Why do I need help?
Study after study shows that investing on emotion or without a fact based system can be hazardous to your wealth. For example, research firm Dalbar found that investors on their own underperformed the market over a 30 year period by 6.69%! (1) This gap in market performance versus investor performance is driven by emotions. Most investors do not have a system to rely upon, so they make decisions base upon their emotions with devastating effects.
What is an investor to do? At Live Oak Wealth Management, we utilize fact based investing to overcome emotions, analyst guesses and outdated static asset allocations that says you must have your money diversified to different asset classes that never changes.
Participants using Help do significantly better than those who go it alone.
Between January 1, 2006 and December 31, 2017, an analysis was conducted in 14 401K plans representing over 723,000 participants with over $55 billion in plan assets. Key findings from the analysis concluded that across all age ranges and a wide range of market conditions, participants using Help earned higher median annual returns than those not using Help.
In addition, the annual performance gap between Help Participants’ and Non-Help Participants’ median returns was 3.32%, net of fees over the period 2006–2012.2 This difference can have a meaningful impact on wealth accumulation over time. For a 45-year old Help Participant it could translate to 79% more wealth at age 65.3 (2)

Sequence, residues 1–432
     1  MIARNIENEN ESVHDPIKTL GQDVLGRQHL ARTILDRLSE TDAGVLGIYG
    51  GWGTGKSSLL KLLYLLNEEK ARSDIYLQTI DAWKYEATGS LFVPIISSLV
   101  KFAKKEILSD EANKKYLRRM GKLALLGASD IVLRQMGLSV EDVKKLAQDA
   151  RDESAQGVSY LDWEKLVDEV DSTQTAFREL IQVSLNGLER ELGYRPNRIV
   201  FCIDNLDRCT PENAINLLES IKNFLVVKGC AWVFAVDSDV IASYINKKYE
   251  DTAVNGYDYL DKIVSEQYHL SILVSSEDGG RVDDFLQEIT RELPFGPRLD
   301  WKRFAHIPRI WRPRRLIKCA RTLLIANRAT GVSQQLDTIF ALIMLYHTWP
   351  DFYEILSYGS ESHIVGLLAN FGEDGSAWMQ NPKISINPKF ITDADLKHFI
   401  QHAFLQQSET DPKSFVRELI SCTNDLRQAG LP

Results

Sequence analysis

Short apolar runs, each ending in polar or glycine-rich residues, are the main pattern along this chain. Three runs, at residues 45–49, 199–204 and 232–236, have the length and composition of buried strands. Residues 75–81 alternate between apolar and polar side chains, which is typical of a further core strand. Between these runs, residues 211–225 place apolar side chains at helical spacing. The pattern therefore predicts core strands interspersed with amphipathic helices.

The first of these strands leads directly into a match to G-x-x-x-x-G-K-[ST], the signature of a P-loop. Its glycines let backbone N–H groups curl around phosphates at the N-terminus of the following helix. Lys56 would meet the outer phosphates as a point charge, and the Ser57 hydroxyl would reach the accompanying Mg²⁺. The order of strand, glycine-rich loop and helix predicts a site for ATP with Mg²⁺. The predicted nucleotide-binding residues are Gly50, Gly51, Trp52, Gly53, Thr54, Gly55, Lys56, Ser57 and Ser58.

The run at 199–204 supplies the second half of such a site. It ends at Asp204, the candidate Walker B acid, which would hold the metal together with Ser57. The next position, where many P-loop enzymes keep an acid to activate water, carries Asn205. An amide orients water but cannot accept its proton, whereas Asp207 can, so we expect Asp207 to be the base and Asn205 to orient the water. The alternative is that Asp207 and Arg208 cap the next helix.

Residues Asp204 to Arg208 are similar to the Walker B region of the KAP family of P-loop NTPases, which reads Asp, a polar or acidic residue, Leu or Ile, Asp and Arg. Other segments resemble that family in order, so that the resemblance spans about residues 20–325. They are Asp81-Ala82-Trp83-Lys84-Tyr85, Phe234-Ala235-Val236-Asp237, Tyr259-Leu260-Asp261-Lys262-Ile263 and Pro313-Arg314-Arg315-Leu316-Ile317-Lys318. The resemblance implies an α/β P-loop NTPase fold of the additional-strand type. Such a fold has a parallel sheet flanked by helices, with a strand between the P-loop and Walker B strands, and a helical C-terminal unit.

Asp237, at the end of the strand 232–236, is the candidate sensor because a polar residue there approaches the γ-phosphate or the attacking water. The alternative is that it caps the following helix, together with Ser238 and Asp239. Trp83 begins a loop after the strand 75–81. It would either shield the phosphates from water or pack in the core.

Chart Source: Dalbar Inc. Indices used are as follows: REITS: NAREIT Equity REIT Index, EAFE: MSCI EAFE, Oil: WTI Index, Bonds: Bloomberg Barclays U.S. Aggregate Index, Homes: median sale price of existing single-family homes, Gold: USD/troy oz., Inflation: CPI. 60/40: A balanced portfolio with 60% invested in S&P 500 Index and 40% invested in high-quality U.S. fixed income, represented by the Bloomberg Barclays U.S. Aggregate Index. The portfolio is rebalanced annually. Average asset allocation investor return is based on an analysis by Dalbar Inc., which utilizes the net of aggregate mutual fund sales, redemptions and exchanges each month as a measure of investor behavior. Returns are annualized (and total return where applicable) and represent the 20-year period ending 12/31/17 to match Dalbar’s most recent analysis.